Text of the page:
Robustness is an emergent property of a system that requires careful ordering and balancing, of sub-system requirements and interactions to build resistance to the initiation and progression of hazardous events such as the crossing of limit state thresholds. When subjected to a scoped perturbation, a robust system should not cascade out of control or experience disproportionate responses. Robustness is not a new concept and many codes already have robustness measures implicit in them. This means that even for standardized designs based on minimal functional requirements and which are code-based, there is significant robustness inherited from the codes used. But technology changes, applications differ and no code is perfect, so regardless of any existing measure, care and effort should be expended to identify risks and failure modes that may exist outside the scope or range of any existing code and additional robustness measures introduced if they are found necessary. Also, simply designing components to meet ever-higher performance levels is not an adequate guarantee or measure of robustness because floating production systems are complex with sub-system interactions and co-dependencies that are not always understood or in some cases even identified. Fixing a local component problem can lead to unexpected consequences elsewhere. Instead, robustness must be addressed on both a component and systems-level in a balanced approach that results in the highest possible level of overall system robustness.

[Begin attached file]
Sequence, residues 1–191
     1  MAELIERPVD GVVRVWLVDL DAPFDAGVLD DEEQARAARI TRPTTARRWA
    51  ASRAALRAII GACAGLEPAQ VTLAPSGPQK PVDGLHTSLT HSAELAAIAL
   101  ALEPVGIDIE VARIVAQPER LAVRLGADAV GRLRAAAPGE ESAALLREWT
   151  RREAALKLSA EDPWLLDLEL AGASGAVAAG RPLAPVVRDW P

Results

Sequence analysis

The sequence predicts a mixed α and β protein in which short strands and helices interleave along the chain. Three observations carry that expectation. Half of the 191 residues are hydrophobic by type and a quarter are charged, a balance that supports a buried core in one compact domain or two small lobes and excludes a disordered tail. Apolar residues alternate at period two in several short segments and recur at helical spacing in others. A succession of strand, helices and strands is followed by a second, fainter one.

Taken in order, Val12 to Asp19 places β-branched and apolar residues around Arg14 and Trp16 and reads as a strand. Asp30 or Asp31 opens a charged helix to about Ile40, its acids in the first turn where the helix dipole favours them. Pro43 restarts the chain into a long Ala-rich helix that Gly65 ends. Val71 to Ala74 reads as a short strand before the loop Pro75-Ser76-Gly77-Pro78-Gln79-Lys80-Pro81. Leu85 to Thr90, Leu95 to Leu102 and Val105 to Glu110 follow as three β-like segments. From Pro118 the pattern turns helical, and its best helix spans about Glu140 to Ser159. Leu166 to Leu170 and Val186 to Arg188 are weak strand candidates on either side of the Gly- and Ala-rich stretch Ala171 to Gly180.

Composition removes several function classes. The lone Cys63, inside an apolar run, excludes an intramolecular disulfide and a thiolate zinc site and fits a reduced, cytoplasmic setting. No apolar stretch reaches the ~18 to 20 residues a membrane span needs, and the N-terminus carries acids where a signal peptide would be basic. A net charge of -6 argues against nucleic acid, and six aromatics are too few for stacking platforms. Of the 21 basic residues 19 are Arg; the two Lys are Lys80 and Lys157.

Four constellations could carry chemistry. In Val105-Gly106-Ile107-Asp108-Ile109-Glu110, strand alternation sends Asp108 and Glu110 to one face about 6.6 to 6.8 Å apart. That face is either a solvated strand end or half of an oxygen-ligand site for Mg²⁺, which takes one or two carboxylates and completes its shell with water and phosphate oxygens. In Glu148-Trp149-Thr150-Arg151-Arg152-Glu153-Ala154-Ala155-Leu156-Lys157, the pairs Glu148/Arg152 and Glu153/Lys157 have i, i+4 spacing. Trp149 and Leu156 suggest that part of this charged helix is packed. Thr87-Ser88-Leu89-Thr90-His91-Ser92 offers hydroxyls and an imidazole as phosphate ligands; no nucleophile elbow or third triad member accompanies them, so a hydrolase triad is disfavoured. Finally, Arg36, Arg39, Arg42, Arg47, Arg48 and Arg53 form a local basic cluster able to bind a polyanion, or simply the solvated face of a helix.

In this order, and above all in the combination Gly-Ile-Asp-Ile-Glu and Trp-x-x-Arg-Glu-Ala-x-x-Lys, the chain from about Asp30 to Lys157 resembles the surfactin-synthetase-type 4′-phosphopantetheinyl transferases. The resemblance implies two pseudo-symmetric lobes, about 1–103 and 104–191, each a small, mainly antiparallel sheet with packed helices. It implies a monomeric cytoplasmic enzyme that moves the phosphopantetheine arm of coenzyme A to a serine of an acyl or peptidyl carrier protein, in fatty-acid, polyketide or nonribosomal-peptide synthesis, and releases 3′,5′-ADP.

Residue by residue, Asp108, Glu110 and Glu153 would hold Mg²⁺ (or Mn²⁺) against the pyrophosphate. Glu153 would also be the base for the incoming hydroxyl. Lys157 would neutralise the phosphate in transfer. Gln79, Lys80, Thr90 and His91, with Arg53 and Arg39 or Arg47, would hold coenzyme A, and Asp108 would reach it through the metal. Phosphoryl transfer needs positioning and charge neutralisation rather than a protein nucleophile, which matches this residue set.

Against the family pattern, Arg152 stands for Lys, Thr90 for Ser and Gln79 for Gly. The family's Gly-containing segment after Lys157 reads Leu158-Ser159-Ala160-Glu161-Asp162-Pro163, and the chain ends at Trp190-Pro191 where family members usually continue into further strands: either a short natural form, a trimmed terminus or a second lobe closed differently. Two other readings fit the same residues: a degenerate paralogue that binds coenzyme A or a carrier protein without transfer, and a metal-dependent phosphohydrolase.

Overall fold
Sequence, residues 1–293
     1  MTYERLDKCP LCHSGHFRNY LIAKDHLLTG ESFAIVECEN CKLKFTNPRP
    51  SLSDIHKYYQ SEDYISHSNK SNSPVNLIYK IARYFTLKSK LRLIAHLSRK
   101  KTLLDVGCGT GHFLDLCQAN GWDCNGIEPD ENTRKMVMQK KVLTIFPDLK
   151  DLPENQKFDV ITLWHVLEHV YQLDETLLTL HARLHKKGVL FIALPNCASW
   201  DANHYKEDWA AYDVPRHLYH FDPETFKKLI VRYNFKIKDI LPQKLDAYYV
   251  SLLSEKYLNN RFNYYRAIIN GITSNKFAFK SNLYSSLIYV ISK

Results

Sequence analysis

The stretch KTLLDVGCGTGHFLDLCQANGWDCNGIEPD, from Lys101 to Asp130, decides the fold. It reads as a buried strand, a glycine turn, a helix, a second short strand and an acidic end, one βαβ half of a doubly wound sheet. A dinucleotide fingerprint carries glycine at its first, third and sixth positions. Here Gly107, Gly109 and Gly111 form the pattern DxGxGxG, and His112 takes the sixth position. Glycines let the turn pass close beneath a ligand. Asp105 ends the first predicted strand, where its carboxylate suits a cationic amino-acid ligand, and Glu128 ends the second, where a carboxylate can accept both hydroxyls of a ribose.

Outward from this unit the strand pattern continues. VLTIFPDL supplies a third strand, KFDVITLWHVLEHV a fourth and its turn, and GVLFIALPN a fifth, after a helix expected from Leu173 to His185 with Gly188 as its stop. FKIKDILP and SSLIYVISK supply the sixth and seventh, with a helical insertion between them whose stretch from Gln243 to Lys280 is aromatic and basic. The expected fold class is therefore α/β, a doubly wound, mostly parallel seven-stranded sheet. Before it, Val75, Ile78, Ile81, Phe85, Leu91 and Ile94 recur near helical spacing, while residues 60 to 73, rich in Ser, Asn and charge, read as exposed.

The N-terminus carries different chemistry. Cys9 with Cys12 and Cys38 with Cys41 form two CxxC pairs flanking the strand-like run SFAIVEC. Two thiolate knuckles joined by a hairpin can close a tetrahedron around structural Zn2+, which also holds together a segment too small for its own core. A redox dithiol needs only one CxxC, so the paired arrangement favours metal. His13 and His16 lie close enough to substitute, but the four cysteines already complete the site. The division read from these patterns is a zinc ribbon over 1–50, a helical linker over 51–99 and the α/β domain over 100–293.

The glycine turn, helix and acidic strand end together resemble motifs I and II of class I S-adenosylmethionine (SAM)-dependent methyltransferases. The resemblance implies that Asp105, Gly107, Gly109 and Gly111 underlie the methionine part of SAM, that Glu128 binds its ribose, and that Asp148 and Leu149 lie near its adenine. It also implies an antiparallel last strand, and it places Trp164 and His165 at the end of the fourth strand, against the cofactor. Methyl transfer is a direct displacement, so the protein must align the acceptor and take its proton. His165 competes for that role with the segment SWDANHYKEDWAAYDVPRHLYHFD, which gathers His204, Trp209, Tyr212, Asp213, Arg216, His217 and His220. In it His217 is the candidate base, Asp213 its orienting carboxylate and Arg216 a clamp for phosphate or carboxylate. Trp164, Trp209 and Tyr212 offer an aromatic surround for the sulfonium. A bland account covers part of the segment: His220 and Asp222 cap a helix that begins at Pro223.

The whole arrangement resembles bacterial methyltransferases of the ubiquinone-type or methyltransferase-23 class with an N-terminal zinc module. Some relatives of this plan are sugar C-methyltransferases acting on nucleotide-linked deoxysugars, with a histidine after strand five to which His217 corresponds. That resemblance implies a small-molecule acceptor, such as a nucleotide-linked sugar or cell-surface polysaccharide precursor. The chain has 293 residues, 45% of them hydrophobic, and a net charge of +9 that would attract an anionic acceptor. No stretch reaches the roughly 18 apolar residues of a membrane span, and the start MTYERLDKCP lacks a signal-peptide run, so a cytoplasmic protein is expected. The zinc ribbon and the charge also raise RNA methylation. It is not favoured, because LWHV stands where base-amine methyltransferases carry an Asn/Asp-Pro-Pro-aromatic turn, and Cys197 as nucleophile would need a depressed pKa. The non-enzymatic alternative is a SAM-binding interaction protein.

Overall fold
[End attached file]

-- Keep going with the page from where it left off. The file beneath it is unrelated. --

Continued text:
This Bulletin identifies three levels of robustness: operational (R1), survival (R2), and reserve (R3). These three levels form a continuum spanning state space from the edge of a project defined safe operating limit (SOL) up to the point of system failure. This Bulletin encourages the use of systems engineering methods to define the boundaries, interfaces, and structure of a system. Proper problem definition that satisfies mission objectives and business needs while minimizing the overall stress on the system is beneficial. HAZIDs can be used to identify risk and determine management strategies. During design, these strategies should minimize the available pool of hazards from which a hazardous event can initiate. During operations, these strategies should erect, maintain, and adapt barriers against the initiation and propagation of a hazardous event.